Site 3  NS495688  On the left side of the river, downriver from the Cart Waters confluence, are the remains of a once larger island called Colin’s Isle which now consists of a string of three small islands.  The larger island, marked as Colin’s Isle on O.S. maps, is densely covered by the Common Reed.   Holy Grass may have originally been on this island but succumbed to competition from the Common Reed which probably spread from the nearby riverbank where it is abundant.  Two small un-named islets lie further downriver from Colin’s Isle.  The first, with a solitary Hawthorn tree at the centre, supports a healthy colony of Holy Grass. This islet, accessible only at low tides, is fully exposed to wind and sunshine.  It is not known at present when this station was first discovered or by whom.  The second and northern most islet is frequently underwater at high tides and supports only Sea Aster.

Thorough searches of the banks upriver on both the White and Black Cart Waters have produced no further patches of Holy Grass.

History of the area.

The rivers and land surrounding the Holy Grass sites have undergone dramatic changes over many centuries.  In 1796 the White Cart Water was widened, deepened and straightened.  A canal cut was made to the east of the former channel so avoiding shallows at the Inchinnan Bridge.  This canal allowed larger ships access to docking facilities upriver at Paisley.  The present Rolling Lift Bascule Bridge crosses over the former canal section of the White Cart.  The Clyde/Cart confluence area was later deepened to permit the launching of large ships from what was formerly known as John Brown shipyards.  These various navigation schemes radically changed the topography of the Cart Waters. 

The earliest known owner of the ground on which the Holy Grass grows was the Rev. Andrew Hay who obtained a Charter for these lands from the Regent Moray in 1568.  The estate, then known as Renfield, stayed in the Hay family until it was sold to Colin Campbell of Blythswood in 1654.  The estate was re-named Blythswood.  Nothing now remains of Blysthwood House and the extensive gardens

Less than a mile upriver on the Black Cart Water is the site of the ancient church of Inchinnan.  The first structure on the site dated from between 593-612 AD and around 1100AD a stone and lime edifice was erected at the side of the river.  A church existed on this site until the 1960s when the building was dismantled and re-located at Inchinnan as part of the development of Glasgow Airport.


Discussion

The fact that Holy Grass is at Renfrew raises the question of how such a rare plant should come to be on the lower reaches of the Cart Waters and why the grass was not discovered until 1933.  There would seem to be a number of possibilities - none of which can be substantiated by any facts.  The following points may be of interest.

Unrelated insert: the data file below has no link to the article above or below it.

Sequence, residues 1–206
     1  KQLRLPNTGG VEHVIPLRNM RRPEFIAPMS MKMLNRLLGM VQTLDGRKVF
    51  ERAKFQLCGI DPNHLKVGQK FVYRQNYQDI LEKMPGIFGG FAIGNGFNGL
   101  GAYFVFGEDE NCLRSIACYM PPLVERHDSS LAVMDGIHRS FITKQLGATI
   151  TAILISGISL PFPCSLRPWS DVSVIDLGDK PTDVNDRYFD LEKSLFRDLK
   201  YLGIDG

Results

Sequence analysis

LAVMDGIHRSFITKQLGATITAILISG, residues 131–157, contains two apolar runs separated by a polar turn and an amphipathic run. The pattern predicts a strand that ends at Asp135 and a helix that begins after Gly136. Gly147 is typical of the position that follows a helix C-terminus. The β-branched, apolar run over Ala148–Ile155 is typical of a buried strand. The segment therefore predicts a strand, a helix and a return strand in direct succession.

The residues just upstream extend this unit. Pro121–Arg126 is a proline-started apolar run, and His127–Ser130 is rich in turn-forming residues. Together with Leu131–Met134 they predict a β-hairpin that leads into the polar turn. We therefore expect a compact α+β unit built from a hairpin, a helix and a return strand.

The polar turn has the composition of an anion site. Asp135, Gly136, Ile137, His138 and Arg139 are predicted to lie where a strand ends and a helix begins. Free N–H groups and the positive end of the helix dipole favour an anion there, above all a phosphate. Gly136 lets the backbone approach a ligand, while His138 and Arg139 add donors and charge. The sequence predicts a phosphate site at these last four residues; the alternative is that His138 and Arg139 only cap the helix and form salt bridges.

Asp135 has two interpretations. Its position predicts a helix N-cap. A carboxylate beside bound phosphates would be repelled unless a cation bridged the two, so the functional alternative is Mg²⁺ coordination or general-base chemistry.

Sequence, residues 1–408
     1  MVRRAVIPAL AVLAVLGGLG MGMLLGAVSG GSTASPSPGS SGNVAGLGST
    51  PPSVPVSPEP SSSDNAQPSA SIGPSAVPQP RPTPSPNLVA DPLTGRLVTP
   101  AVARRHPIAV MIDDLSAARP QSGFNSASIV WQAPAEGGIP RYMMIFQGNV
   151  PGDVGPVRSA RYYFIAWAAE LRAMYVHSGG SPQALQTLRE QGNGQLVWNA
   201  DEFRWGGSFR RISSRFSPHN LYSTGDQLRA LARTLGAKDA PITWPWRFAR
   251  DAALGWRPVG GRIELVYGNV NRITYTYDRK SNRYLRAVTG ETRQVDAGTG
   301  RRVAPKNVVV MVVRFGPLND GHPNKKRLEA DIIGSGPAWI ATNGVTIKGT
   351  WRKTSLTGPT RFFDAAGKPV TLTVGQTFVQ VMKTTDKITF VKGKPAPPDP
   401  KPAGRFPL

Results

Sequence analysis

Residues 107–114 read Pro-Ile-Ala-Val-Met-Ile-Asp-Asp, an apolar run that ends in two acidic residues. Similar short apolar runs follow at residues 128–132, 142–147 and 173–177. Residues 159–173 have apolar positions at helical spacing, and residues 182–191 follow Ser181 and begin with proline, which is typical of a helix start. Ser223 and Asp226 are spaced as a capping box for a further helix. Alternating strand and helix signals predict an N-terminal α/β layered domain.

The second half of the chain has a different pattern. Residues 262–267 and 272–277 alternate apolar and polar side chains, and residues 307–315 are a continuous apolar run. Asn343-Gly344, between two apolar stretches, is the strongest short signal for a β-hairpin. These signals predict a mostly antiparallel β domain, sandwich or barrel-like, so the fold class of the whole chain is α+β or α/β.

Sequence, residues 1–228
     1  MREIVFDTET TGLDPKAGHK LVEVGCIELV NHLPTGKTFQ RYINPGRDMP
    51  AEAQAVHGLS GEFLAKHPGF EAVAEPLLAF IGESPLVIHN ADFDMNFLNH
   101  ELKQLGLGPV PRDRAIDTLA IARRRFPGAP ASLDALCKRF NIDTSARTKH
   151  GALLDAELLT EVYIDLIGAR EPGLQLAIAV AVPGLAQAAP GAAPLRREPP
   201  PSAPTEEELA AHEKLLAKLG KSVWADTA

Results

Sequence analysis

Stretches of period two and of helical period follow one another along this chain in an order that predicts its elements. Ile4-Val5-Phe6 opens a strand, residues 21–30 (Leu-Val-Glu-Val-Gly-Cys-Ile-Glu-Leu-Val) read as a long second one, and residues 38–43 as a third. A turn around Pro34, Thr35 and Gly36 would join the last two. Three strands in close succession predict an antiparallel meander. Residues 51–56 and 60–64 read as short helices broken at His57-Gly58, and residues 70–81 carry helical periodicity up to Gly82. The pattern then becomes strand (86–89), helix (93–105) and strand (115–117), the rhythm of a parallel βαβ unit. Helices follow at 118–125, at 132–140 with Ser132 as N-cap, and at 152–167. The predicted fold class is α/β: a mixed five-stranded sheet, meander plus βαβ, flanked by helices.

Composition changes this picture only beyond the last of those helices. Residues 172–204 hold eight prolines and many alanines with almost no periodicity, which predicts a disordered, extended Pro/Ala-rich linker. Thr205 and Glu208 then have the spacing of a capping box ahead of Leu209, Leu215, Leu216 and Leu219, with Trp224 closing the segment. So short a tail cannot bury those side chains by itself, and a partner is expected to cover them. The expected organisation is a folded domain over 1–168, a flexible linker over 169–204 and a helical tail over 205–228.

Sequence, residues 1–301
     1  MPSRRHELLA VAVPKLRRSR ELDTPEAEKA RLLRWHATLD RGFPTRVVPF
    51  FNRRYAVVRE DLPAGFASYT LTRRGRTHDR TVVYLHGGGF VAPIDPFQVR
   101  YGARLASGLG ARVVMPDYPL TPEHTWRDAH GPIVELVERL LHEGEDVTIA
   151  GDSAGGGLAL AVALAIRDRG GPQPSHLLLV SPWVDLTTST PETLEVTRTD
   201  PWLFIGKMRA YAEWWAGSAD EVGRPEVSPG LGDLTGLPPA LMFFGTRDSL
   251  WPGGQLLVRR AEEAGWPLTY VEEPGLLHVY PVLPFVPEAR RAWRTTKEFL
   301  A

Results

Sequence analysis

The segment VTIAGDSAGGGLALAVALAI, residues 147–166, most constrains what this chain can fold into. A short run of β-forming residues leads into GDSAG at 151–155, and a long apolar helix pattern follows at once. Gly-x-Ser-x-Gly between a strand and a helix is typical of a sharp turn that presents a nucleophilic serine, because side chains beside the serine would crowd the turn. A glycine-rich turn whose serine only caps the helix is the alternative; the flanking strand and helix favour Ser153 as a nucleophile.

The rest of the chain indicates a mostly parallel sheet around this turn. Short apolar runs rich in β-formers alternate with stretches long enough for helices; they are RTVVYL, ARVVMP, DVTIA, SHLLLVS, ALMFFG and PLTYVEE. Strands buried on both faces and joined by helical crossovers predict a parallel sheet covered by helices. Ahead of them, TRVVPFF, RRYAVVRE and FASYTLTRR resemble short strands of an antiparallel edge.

a)    The lack of records prior to 1933 may be explained by Holy Grass being most conspicuous early in the year.  It is often overlooked if searched for in summer.  The Holy Grass sites were unknown to Prof Hennedy when he wrote The Clydesdale Flora in 1865. He was known to botanise around Inchinnan.  During the nineteenth century, the Blythswood area was strictly private being part of the policies of Blythswood House.  Access was by permission only.

b)    Lee’s suggestion of the plants being introduced from ships’ ballast is an interesting theory.  A number of ‘alien’ and unusual plants are to be found on the Cart Water banks, e.g. Hoary Cress (Cardaria draba).   Such plants were probably introduced by shipping activities.  Local botanists do not seem to favour this idea for the introduction of the Holy Grass.

c)   In the immediate vicinity of the Holy Grass sites there are three long established churches. The Renfrew Parish Church is situated less than a mile east of the Cart Waters.  On the White Cart, a few miles upriver, stands Paisley Abbey and on the Black Cart is the site of the former Inchinnan Church.  The close proximity of the Holy Grass sites to these early churches invites the assumption that there could be a connection between the two.  However, recent studies of plant remains and pollen found in drains at Paisley Abbey did not include Holy Grass pollen. 

Is the Holy Grass on the Cart Waters simply a relict population surviving from earlier times when it was grown locally and used, along with other aromatic plants, to freshen the damp, earthen-floored churches in the surrounding area? 


Acknowledgments

The author is grateful to John Mitchell, Peter Macpherson and the late Allan Stirling for help with the literature on Hierochloë odorata.  Thanks also to Keith Watson, the late Allan Stirling and John Mitchell for additional assistance.